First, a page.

Not only have they steered away from the odd ill-advised attacking move, but they have also worked hard to press from the front in the case of Griezmann, and to drop deeper as needed in midfield in Pogba’s case. More important than that, however, is how Deschamps has convinced these two to not only sublimate their own impressive talents for the good of the side, but he has convinced that the one role in the side free of much defensive responsibility go to the squad’s youngest member, Mbappé.
Again, this is Deschamps at his best; sensing that Mbappé’s struggles since moving to Paris Saint-Germain were due to the rigidity of Unai Emery and to his not being able to express himself with much of a degree of freedom, the manager decided that, in much the same way as he had upon breaking through at Monaco, Mbappé be allowed to play a free role. This may have caused some consternation for Pogba and Griezmann, but neither has shown any ill-will or lack of belief in the teenager, something that is once again not only a testament to Deschamps’ man-management, but also to his ability to understand the superb talent that Mbappé is and to facilitate that talent through his tactics.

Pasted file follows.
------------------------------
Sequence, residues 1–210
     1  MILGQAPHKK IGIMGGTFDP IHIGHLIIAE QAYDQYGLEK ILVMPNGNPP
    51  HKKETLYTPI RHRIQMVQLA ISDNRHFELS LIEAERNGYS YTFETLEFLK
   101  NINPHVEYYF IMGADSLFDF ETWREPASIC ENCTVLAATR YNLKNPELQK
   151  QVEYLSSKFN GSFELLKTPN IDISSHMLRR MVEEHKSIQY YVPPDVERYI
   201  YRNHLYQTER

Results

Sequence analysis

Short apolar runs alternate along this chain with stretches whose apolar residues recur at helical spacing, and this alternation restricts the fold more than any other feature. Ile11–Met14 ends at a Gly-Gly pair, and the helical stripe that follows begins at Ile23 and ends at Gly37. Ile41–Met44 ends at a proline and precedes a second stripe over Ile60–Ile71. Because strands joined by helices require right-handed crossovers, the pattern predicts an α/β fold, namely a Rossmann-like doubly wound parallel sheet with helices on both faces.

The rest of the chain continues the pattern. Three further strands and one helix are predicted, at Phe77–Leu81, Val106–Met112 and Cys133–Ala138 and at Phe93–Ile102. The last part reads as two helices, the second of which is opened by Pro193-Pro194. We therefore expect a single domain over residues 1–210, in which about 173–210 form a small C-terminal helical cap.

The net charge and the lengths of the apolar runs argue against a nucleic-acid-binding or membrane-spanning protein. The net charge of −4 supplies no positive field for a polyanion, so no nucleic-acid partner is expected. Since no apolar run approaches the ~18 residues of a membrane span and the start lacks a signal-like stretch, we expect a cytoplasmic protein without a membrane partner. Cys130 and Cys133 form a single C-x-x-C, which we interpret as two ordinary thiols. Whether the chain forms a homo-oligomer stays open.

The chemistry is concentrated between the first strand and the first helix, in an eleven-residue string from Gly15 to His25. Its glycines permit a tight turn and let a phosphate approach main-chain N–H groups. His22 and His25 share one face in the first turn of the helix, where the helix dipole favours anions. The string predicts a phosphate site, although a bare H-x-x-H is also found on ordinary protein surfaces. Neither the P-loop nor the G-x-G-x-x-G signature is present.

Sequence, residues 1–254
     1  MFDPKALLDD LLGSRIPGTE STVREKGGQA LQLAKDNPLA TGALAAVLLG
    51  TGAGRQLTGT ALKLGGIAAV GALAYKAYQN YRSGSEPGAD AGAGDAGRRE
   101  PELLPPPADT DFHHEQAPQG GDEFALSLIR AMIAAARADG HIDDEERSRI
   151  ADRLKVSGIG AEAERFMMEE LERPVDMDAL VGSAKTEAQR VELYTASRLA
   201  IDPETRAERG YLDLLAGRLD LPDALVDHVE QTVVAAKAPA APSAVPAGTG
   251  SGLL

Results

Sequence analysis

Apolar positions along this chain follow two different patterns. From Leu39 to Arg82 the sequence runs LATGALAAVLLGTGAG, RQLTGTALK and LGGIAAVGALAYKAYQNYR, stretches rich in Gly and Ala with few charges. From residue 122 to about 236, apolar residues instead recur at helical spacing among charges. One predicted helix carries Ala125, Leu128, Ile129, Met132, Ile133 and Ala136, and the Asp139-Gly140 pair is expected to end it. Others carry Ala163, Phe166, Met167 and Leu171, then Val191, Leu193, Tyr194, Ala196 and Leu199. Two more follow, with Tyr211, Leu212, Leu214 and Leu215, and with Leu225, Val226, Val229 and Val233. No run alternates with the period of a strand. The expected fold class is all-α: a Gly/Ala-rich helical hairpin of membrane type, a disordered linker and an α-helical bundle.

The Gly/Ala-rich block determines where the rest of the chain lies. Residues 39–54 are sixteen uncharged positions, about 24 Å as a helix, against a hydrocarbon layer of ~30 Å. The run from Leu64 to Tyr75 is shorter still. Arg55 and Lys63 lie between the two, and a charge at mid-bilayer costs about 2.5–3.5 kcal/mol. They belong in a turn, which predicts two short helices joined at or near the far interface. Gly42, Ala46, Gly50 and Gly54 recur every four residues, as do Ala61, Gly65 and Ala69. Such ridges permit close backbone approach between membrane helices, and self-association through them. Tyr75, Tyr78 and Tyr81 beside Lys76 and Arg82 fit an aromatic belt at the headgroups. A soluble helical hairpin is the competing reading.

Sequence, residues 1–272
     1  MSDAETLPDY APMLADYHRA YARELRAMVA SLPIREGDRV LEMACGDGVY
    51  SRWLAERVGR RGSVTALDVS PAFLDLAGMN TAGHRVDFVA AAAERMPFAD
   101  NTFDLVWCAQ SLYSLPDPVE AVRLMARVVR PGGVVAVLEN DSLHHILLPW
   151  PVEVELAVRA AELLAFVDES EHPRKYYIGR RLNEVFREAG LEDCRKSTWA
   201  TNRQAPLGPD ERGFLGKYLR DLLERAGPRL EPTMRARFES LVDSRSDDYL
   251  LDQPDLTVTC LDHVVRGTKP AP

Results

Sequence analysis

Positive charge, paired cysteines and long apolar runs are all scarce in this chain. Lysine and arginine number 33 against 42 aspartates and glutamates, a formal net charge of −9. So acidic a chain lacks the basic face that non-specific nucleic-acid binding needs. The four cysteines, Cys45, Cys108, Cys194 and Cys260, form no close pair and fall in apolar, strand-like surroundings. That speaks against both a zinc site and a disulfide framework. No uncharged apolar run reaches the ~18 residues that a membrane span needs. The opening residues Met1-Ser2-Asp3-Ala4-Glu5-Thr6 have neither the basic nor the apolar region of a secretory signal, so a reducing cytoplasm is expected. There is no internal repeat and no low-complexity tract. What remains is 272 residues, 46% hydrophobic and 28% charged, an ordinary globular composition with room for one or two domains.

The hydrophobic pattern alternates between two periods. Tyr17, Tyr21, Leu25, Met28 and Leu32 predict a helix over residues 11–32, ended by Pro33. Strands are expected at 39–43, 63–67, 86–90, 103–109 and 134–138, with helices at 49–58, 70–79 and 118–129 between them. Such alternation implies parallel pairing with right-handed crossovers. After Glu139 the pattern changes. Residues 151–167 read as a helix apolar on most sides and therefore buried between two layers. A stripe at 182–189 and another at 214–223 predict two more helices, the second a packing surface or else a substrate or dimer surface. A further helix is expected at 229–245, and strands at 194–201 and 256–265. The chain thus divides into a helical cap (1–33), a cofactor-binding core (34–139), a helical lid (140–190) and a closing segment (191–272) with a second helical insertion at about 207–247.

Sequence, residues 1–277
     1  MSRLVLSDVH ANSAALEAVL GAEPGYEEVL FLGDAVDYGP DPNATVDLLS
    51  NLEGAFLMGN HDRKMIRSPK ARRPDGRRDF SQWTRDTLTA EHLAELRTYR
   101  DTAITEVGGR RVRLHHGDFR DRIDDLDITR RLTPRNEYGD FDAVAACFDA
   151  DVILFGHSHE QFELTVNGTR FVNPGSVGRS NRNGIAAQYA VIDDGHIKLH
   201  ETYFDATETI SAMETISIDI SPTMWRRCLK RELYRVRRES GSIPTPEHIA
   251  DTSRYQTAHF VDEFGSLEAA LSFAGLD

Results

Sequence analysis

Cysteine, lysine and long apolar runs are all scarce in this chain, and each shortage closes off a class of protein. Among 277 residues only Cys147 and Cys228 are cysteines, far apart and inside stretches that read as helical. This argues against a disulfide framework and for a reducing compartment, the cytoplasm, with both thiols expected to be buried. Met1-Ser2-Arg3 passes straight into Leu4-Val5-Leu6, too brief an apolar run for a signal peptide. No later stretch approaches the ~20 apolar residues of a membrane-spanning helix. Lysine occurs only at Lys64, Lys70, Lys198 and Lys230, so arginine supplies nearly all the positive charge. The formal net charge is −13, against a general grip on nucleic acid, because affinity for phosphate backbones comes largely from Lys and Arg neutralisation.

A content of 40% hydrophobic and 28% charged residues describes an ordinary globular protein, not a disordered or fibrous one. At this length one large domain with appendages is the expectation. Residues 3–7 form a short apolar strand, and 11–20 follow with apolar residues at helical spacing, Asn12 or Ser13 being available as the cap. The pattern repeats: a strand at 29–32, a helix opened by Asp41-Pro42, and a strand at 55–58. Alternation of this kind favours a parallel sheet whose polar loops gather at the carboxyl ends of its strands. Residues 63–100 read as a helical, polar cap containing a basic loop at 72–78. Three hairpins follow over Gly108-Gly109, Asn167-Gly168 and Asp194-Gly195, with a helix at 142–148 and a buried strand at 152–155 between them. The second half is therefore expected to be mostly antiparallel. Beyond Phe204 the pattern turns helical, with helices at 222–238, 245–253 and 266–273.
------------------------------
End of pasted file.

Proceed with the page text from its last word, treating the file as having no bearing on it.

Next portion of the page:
Thus, Deschamps, in changing the way he approaches this France side, has shown immense growth, not only as a man-manager, but also in imparting his ideals to this team. France in the last two years have now fully evolved from a sometimes-ragged collection of individuals to a team approaching each match with a sense of total unity. It may not always be pretty, but it is becoming increasingly difficult to argue with Deschamps’ methods and the lessons he has learned during his time in charge.